Pumicestone has the highest median age of any state electorate in Queensland. Health commuting to Brisbane for medical care is a real problem, especially for older and vulnerable people who cannot drive themselves. That is why I am so thankful that the Palaszczuk government has committed to building two satellite community hospitals so that the people of Pumicestone will have more health care closer to home. It fills me with hope to think that from 2023 our nursing student may start work as a graduate nurse at one of our satellite community hospitals in Caboolture or on Bribie. As we train the healthcare workers we need for the future in our own community, we create our own solutions: the jobs, the services and the skilled staff to provide them.

As I rise today as a brand new leader, I acknowledge those who have gone before. My very first event as a member of parliament was a NAIDOC Week celebration for PIEEC, the Pumicestone Indigenous Education and Employment Council. PIEEC has been newly created to advocate for better outcomes in learning and working for Aboriginal and Torres Strait Islander young people in Pumicestone. Rising to speak that day, I felt humbled and in awe of the 1,600 generations of leaders that have gone before me on the lands of the Gubbi Gubbi people. As the elders and leaders of PIEEC look to create and enhance the bonds of community in Pumicestone, my commitment is to listen carefully, support your aspirations and try always to walk beside you.

Reflecting on the 91 years since the first woman was elected as a Queensland state representative, there is a deep irony. On the one hand, I am one of only 97 women ever elected to this place. Within my lifetime, and even during my adulthood, that privilege is vanishingly rare for a woman, yet the people of Pumicestone have overwhelmingly chosen women as their representatives across the political spectrum. I am the fourth woman of five members for Pumicestone.

Growing up in an area similar in so many ways to Pumicestone, I had never met or even seen a woman in political leadership. Compare that to a young woman coming to adulthood in Pumicestone right now, who has grown up seeing women in local, state and federal representative roles. That same young woman is half as likely to attend university as any other Queenslander. She is at heightened risk of unemployment. Pumicestone is rich in human kindness and community, but our median income is substantially below the Queensland average. There is much work to do, but I am proud to represent a community that readily recognises women as leaders and values what we bring to the table.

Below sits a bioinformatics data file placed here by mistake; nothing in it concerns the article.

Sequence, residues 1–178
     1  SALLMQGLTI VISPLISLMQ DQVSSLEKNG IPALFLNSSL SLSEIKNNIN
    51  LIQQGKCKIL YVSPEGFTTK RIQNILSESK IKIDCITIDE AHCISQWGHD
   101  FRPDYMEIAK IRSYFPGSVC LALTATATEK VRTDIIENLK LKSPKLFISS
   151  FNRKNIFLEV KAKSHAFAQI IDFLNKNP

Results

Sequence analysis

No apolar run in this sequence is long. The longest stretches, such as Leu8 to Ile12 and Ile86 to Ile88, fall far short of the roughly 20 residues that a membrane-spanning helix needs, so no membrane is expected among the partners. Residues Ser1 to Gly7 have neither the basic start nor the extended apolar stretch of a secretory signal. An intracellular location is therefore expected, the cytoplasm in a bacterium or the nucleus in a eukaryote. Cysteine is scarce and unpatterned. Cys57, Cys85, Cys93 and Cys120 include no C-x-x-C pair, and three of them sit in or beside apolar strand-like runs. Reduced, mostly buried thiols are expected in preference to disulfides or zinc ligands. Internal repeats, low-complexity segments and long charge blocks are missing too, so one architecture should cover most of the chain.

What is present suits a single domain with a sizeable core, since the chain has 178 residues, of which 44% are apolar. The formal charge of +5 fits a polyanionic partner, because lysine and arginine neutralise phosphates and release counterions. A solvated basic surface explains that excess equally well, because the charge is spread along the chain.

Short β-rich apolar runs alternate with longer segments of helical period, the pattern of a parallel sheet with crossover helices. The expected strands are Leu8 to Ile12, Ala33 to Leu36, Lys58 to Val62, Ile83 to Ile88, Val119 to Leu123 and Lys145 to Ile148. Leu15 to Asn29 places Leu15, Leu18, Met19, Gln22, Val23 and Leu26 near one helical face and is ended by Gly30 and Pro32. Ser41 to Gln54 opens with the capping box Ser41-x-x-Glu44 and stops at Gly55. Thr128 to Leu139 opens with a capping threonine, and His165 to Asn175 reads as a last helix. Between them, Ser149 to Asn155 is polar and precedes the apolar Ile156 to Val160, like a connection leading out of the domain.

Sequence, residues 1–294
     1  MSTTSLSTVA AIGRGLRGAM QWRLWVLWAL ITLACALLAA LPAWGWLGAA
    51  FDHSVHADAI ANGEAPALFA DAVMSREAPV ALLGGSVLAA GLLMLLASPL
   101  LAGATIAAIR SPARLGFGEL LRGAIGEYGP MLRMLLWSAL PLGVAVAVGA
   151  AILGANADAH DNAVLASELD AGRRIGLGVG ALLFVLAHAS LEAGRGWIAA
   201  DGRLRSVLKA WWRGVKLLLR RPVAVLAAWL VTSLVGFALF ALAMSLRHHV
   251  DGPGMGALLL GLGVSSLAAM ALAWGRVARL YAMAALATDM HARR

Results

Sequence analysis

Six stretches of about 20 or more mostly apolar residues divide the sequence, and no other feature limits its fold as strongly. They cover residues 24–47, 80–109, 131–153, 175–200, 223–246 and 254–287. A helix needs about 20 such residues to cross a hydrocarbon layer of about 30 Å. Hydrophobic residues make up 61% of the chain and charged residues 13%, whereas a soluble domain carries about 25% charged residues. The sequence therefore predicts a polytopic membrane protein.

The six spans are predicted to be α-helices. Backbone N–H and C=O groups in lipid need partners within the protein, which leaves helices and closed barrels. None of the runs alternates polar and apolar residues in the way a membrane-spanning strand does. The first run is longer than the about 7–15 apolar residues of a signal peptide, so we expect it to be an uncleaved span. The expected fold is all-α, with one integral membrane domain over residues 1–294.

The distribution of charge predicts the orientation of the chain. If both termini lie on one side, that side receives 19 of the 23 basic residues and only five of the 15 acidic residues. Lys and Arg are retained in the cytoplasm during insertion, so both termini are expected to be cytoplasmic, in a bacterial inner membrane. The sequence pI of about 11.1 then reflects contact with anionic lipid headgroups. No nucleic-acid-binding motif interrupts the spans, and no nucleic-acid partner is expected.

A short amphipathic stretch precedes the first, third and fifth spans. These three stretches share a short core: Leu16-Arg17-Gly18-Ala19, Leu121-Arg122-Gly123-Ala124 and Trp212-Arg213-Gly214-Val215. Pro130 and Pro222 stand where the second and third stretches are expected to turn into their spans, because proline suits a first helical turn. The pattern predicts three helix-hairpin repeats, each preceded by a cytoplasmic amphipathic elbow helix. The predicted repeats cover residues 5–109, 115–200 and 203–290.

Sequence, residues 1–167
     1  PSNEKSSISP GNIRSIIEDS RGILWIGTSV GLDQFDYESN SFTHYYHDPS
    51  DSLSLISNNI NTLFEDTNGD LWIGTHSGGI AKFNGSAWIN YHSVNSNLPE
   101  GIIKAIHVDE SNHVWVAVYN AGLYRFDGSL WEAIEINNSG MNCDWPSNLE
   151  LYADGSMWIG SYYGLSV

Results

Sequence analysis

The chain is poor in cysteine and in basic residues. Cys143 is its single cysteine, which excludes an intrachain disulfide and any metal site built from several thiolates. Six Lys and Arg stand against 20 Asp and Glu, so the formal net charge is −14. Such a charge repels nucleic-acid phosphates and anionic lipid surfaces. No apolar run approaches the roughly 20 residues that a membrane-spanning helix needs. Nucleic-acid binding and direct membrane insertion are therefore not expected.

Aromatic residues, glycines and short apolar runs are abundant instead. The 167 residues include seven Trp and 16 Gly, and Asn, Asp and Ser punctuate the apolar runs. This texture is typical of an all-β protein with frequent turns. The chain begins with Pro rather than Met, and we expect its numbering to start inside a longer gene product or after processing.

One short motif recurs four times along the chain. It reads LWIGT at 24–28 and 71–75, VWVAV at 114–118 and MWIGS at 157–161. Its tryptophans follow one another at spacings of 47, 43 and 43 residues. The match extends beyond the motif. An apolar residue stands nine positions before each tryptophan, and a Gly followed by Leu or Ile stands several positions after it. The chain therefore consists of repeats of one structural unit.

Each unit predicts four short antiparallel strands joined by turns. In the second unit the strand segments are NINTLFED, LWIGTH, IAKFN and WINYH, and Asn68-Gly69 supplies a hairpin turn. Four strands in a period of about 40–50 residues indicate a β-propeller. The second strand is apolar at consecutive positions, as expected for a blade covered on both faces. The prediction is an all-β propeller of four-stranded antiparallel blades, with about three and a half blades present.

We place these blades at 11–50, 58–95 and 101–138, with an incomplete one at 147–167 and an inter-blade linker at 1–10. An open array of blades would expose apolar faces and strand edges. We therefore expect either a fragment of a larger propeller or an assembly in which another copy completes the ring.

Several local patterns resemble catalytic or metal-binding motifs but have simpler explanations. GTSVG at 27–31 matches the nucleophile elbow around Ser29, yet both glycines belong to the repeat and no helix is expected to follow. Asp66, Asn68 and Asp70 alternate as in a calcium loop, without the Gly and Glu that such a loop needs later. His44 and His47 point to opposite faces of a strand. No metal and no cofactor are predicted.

It was not me alone that so many people in Pumicestone were voting for when they cast their ballots. Some were, certainly, but forthrightness is one of the shining qualities of the people of Pumicestone and they told me every day, loud and clear, what messages they wanted passed on. I quote, with your indulgence, Mr Speaker: ‘You tell our Premier she’s doing a great job’; ‘You tell her from me to keep on sticking to her guns. Tell her to not let them get her down’; ‘You tell Annastacia thank you for keeping us safe.’

In this terrible year of pandemic, our Premier did not what was easy but what was brave. People in Pumicestone saw that clearly. They saw it and they respected it. Many people living in the communities that make up Pumicestone had good reason to fear the impacts of COVID-19. They rewarded our Premier’s genuine care for them and her battles on their behalf with their faith and their support. I lost count of the number of times people said to me, ‘I have never voted Labor in my life, but I can see you working hard and I’m going to vote for you to say thank you to Annastacia for keeping us safe.’


There is very little good to come out of this pandemic. Lives have been lost and the economic challenges are enormous, but I do see renewed faith in political leadership. For the first time, ordinary people saw and believed that their leaders were working for them. It has been a privilege to be able to support people in Pumicestone through this difficult year. My hope now is that if you trusted our Premier and me with your support I can make you glad of your decision.

If a member’s inaugural speech is a record of what they deeply value, then I am deeply proud of my work as a health adviser to the Palaszczuk government. This election, where women’s reproductive freedoms were put very explicitly on the chopping block by those opposite and their allies, only strengthened my commitment to ensuring that women seeking essential reproductive health care need never again fear criminal prosecution; that health workers providing that care need never again fear prosecution; and that women and health workers can now and forever access clinics with their privacy and dignity unmolested by shameful bullying and abuse. Generations of Labor activists worked for these reforms, Labor legislated them and now Labor has fought to protect them. I hope that those who tried to make women’s reproductive decisions an election issue can see, finally, that it just does not work.